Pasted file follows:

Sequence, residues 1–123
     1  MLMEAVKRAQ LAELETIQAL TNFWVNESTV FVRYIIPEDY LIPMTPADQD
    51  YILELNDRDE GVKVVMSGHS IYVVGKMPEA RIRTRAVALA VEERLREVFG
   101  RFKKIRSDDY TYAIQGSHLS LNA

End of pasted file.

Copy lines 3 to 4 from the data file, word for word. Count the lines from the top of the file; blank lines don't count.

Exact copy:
    51  YILELNDRDE GVKVVMSGHS IYVVGKMPEA RIRTRAVALA VEERLREVFG
   101  RFKKIRSDDY TYAIQGSHLS LNA